IDPH 125th

121 YEARS AGO IN PUBLIC HEALTH


In 1881, smallpox was rampant in Illinois. To address the epidemic, the State Board of Health in November ordered that no child be admitted to public schools in Illinois after Jan. 1, 1882, without presenting satisfactory evidence of “proper and successful” vaccination or a history of smallpox and that the reporting of the disease, by physicians to local health officers, be compulsory.

With little more than one month between the order and its effective date, the State Board of Health’s executive secretary, Dr. John H. Rauch, had to move quickly. First, he directed his staff to develop appropriate vaccination certificates for schoolchildren and the necessary reporting forms. Rauch then plunged into the task of informing school officials and teachers from around the state. His efforts were successful: Within 60 days of the order’s effective date, the percentage of schoolchildren vaccinated against smallpox more than doubled – going from 45 percent to 94 percent.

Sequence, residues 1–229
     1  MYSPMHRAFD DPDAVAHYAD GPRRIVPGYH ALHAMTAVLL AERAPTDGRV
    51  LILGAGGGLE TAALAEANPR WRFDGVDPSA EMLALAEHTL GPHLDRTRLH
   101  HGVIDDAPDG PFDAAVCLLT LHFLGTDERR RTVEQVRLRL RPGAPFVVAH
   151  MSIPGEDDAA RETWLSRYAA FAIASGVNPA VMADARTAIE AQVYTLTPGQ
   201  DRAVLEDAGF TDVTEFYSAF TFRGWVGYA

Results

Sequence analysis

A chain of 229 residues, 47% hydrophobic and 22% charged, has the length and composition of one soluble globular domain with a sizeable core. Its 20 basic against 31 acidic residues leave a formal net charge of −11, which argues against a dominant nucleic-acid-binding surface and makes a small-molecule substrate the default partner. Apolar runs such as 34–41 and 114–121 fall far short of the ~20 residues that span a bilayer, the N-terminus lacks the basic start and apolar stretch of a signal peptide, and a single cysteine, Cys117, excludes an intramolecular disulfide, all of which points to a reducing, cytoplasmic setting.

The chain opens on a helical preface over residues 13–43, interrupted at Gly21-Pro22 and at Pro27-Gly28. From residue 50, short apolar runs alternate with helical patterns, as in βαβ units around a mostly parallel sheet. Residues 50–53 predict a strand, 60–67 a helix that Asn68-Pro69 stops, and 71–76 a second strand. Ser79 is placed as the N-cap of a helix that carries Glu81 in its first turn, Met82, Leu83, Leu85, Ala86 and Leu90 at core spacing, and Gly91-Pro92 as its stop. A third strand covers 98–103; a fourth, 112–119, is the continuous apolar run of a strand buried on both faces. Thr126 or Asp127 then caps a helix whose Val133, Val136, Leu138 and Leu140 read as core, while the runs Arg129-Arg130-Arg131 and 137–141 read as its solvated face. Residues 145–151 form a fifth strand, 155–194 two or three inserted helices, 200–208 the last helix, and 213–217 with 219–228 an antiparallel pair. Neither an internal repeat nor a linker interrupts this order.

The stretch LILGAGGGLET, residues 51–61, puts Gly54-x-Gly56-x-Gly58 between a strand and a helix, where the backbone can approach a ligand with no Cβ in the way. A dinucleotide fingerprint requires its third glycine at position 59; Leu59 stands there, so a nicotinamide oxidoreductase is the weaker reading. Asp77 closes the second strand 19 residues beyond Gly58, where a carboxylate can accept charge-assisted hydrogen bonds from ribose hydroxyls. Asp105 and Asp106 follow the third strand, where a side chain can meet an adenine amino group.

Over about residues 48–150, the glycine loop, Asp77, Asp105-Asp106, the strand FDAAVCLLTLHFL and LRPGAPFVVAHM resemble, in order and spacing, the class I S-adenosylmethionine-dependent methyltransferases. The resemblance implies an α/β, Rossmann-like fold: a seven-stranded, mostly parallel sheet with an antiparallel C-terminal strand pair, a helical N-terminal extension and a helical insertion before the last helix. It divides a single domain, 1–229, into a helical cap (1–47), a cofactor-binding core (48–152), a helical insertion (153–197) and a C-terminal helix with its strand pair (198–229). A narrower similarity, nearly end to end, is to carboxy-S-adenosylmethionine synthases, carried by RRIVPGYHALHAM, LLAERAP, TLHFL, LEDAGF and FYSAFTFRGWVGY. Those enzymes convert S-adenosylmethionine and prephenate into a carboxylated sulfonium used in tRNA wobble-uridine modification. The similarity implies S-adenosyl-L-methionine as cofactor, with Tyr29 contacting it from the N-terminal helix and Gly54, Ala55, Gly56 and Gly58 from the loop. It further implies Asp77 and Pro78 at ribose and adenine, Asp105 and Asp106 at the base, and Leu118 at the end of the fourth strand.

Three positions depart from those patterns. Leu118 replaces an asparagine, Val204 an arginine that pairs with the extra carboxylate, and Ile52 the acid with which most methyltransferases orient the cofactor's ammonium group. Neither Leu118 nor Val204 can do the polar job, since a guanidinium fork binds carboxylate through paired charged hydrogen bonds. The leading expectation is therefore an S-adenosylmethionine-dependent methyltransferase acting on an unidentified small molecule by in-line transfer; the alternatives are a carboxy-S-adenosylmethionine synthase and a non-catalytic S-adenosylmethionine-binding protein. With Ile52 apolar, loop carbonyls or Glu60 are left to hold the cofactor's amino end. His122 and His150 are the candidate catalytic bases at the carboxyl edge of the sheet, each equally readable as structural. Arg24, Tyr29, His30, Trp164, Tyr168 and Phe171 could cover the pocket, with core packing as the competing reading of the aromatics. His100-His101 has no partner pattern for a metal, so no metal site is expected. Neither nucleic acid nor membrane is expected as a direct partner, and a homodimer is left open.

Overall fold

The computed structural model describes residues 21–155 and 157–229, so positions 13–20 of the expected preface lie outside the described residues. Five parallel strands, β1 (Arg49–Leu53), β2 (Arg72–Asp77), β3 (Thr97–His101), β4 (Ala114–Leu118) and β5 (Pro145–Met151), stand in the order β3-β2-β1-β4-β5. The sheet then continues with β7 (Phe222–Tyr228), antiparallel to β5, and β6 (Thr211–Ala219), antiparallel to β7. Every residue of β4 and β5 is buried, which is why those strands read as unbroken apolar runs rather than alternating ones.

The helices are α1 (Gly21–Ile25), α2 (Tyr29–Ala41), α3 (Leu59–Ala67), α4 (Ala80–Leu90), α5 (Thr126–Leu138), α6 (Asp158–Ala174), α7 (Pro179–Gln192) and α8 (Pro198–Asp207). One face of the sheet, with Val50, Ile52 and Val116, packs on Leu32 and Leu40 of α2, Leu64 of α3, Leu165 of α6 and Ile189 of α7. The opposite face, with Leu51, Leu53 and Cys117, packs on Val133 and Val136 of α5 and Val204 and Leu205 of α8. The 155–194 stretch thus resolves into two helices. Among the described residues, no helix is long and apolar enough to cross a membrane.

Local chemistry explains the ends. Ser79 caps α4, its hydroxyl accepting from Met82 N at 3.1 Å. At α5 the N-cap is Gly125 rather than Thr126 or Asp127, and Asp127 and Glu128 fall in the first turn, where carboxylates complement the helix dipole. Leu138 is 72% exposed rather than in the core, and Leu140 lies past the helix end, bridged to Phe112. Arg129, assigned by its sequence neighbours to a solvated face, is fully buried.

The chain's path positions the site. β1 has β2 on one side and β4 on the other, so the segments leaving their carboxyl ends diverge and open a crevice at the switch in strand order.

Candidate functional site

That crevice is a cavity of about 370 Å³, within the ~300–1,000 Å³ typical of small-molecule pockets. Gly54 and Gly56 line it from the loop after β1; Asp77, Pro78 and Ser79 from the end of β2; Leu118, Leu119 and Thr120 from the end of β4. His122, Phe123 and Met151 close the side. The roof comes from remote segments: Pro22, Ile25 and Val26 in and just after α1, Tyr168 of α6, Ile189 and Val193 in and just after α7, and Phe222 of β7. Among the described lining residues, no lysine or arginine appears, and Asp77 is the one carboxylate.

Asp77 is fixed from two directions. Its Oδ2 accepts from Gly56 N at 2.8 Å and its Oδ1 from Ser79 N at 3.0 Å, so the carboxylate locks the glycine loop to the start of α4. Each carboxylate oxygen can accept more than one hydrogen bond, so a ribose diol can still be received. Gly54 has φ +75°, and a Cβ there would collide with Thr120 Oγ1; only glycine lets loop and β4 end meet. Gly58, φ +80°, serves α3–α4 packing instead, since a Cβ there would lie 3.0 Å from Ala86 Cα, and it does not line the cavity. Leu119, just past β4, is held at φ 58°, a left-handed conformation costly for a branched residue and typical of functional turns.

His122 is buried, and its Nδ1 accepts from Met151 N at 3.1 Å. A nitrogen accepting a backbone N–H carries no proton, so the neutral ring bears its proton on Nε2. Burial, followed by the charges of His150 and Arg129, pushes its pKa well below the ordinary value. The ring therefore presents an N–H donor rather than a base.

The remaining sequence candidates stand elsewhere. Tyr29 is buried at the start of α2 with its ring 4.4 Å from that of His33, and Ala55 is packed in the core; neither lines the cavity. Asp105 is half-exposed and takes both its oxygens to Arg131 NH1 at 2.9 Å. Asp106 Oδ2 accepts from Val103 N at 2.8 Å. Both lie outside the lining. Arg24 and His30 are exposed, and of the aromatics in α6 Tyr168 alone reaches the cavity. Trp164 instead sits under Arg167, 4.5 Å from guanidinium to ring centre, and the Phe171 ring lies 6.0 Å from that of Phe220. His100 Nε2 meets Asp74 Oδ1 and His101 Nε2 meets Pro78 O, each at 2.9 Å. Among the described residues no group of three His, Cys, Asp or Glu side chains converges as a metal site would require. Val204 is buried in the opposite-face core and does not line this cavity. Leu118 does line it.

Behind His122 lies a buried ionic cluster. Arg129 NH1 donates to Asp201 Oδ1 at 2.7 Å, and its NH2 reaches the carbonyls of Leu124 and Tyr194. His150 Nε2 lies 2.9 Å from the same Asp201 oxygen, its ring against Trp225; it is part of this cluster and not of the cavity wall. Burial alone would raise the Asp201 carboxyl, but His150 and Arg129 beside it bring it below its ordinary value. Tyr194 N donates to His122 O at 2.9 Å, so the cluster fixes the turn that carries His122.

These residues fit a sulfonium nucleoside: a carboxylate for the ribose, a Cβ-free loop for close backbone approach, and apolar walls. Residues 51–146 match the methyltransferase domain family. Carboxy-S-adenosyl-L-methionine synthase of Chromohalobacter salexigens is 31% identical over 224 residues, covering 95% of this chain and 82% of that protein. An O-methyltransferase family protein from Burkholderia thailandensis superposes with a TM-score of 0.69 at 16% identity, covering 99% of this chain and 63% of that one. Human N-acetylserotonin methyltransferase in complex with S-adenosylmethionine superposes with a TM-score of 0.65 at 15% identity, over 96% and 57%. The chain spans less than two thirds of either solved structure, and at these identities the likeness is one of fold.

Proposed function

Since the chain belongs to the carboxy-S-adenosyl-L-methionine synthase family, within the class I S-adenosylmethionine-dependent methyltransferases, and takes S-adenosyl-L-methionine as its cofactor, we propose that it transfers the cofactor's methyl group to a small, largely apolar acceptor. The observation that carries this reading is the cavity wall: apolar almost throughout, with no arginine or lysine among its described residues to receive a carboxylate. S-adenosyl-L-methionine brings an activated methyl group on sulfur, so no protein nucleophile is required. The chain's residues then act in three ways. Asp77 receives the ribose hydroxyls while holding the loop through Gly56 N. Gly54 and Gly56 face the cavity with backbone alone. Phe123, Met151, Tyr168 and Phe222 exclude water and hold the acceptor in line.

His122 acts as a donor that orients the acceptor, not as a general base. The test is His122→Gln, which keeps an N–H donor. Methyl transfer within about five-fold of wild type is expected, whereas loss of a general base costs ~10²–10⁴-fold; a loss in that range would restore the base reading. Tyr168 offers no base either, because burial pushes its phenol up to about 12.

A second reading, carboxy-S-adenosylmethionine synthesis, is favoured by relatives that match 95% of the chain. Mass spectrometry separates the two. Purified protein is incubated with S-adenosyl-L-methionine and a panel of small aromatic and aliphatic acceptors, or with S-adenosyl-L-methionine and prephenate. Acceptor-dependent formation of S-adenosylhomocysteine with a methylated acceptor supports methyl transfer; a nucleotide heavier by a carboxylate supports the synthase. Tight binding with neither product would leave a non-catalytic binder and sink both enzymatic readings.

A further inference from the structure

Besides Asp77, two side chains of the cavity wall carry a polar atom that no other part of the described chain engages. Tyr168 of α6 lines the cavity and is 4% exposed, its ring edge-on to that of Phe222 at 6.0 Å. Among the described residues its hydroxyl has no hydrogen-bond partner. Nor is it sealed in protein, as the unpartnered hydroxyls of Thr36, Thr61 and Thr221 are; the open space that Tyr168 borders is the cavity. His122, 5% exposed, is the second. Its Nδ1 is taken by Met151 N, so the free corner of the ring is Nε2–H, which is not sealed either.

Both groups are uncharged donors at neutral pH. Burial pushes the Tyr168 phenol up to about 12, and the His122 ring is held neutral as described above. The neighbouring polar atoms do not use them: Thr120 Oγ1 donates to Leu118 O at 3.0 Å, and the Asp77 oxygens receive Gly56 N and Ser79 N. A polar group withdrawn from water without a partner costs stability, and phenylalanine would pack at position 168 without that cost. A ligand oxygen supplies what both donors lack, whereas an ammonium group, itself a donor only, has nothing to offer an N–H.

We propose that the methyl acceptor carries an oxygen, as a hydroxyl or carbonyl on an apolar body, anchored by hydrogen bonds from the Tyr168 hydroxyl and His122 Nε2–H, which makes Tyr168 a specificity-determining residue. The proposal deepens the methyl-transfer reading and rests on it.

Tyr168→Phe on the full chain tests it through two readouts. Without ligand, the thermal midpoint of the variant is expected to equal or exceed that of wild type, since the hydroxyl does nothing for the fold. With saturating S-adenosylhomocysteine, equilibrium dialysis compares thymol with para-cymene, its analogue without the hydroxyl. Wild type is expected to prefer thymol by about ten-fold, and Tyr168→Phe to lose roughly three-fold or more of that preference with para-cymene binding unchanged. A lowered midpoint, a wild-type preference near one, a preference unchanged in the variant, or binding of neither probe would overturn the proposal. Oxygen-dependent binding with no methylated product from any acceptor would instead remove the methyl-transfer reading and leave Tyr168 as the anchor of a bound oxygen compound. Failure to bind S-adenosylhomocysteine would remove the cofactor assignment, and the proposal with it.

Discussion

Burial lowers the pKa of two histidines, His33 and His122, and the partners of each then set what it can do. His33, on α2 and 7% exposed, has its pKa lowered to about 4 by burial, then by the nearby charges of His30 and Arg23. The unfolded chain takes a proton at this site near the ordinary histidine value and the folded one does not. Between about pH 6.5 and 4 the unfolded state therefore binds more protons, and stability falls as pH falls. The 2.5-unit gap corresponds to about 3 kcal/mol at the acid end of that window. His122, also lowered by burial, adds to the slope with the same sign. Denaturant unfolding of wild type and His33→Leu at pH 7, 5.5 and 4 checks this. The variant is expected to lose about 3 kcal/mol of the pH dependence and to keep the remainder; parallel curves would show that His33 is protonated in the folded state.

Many adults – particularly employees of large industries, such as the railroad, and state prison inmates – also heeded Rauch’s public health message and received vaccinations. By March, a total of 510,517 children and adults had been vaccinated.

Once the epidemic waned, however, Illinoisans became absorbed in other problems and soon forgot the compulsory vaccination order. The protection afforded by the mass vaccinations done in 1882 began to fade and outbreaks of smallpox again became widespread. By the early 1890s, the situation had become serious and the State Board of Health again moved to enforce the compulsory vaccination of schoolchildren. The earlier success was not to be repeated, but enough schoolchildren were vaccinated to keep the epidemic in check.

A suit in Lawrence County sought to compel a local school board to admit unvaccinated schoolchildren. The matter eventually ended up in the state Supreme Court and, in 1895, the court ruled against the school board, declaring it unconstitutional to require vaccinations to attend public school. The subsequent practice, which was upheld by the courts, required either vaccination or the quarantine of all schoolchildren during the most contagious period after smallpox appeared in a community.


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